The Science Behind Good Sleep & How To Get More
As the Dalai Lama once said, “Sleep is the best meditation.” For an activity we spend 1/3rd of our lives doing, it is surprisingly recent that the science behind it has come to light.
Early beliefs were puritan, at best, such as the New England clergyman Cotton Mather’s sermon in 1719 where he branded it “sinful” – and went on to condemn those who slept often while they should be working. Over time, empirical research has put these notions to bed. Insufficient sleep has been linked to low quality of life, depression, increases in cardiovascular disease and hypertension, cognitive and motor impairment, and a number of other medical conditions.
SLEEP QUALITY MAKES A DIFFERENCE
There is a stark difference between sleep and good sleep. Good sleep is measured by the amount your body gets every night. A few characteristics that determine whether the rest you’re getting is good:
- You’ve slept the recommended amount (usually 7-9 hours)
- You can fall asleep within 30 minutes of getting into bed
- When you wake up, you feel recharged and refreshed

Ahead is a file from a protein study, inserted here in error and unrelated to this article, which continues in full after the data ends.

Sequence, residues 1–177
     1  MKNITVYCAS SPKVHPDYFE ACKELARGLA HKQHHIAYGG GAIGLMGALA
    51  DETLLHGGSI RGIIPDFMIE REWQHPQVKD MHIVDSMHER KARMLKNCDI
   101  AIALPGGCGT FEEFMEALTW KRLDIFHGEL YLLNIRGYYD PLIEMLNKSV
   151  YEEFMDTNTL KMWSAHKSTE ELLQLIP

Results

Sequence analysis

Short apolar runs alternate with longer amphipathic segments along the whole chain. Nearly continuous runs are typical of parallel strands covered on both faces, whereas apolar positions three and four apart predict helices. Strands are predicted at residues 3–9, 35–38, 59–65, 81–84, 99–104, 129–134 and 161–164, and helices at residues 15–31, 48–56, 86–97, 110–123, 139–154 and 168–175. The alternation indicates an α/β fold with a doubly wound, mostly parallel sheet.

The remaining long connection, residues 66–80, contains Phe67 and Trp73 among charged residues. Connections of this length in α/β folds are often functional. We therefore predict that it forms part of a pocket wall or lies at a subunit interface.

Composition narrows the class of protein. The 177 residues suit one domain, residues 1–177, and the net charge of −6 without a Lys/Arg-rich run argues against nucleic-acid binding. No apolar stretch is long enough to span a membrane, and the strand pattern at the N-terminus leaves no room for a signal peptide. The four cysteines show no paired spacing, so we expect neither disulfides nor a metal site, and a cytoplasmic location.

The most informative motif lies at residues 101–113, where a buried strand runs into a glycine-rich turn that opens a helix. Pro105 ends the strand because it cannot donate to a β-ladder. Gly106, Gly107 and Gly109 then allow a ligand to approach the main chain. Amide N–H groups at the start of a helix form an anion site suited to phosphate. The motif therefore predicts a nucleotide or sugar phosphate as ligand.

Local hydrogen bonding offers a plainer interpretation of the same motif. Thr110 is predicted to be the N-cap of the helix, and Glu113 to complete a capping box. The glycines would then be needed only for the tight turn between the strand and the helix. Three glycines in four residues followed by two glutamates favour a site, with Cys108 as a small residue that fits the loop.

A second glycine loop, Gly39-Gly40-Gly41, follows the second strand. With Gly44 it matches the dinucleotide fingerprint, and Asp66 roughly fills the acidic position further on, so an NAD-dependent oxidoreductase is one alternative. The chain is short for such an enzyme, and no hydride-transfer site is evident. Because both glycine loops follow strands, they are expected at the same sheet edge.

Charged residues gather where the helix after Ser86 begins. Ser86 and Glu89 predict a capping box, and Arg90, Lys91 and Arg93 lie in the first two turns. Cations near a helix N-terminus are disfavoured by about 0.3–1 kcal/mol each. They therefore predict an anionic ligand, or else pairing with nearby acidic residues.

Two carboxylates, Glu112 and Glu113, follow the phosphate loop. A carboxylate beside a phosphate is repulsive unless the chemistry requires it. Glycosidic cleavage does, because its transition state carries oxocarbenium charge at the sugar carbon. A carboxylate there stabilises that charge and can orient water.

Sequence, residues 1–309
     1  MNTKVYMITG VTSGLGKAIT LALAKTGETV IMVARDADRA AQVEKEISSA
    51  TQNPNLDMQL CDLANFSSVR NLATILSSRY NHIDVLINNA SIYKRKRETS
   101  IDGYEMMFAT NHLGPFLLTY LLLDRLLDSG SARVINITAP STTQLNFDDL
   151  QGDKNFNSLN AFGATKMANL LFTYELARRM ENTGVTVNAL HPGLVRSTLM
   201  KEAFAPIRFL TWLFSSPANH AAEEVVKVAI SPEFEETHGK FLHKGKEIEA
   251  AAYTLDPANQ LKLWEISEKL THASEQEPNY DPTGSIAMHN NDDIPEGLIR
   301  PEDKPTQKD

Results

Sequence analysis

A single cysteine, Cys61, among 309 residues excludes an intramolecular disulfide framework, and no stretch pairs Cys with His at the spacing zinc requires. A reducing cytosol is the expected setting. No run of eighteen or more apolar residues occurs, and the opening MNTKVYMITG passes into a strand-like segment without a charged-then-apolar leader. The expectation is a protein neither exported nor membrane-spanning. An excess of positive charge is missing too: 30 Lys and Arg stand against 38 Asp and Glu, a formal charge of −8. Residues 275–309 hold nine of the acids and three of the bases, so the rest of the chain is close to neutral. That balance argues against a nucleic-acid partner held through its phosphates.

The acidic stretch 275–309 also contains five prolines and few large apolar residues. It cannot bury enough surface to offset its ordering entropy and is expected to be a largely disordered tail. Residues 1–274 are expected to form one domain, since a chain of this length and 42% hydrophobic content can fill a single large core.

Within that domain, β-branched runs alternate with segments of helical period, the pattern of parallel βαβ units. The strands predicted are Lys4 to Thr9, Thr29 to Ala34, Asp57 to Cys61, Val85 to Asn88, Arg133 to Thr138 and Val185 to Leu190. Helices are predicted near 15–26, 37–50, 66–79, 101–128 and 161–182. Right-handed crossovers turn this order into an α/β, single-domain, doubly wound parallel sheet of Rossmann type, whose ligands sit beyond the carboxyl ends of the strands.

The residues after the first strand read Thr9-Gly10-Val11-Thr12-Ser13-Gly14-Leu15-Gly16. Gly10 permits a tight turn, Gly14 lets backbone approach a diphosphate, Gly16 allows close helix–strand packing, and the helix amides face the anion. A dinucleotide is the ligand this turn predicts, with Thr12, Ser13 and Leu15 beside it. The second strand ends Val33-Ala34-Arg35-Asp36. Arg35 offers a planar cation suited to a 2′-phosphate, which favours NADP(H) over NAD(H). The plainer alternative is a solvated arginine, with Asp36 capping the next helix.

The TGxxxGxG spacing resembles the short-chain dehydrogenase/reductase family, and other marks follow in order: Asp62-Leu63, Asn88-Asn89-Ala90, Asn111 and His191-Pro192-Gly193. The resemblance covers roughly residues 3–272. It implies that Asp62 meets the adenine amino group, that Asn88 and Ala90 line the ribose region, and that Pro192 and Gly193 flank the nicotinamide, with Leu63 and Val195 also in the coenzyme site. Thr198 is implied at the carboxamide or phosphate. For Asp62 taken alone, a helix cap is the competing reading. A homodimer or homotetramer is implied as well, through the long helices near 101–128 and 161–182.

- You don’t wake up more than once after falling asleep
With our fast-paced modern lifestyles, 7-9 hours of sleep might sound like a luxury, but it is what the body needs to function at its optimum.
SLEEP MORE, SLEEP BETTER
If you’re waking up tired, groggy and annoyed most days, it’s a sign that you’re not sleeping well and enough. Being sleepy and tired throws your hormones out of whack and can lead to an unhealthy lifestyle. Rule of thumb? If you’re feeling unproductive throughout the day, you know you need more sleep. Here are some science-backed ways to get better sleep:
A hot bath or shower is associated with deeper and better quality sleep. Drying off with our soft, luxurious Lush Spa towels can be all the more relaxing.
Classical music is said to have a calming effect, but any music of your choice is likely to uplift your mood and help you wind down.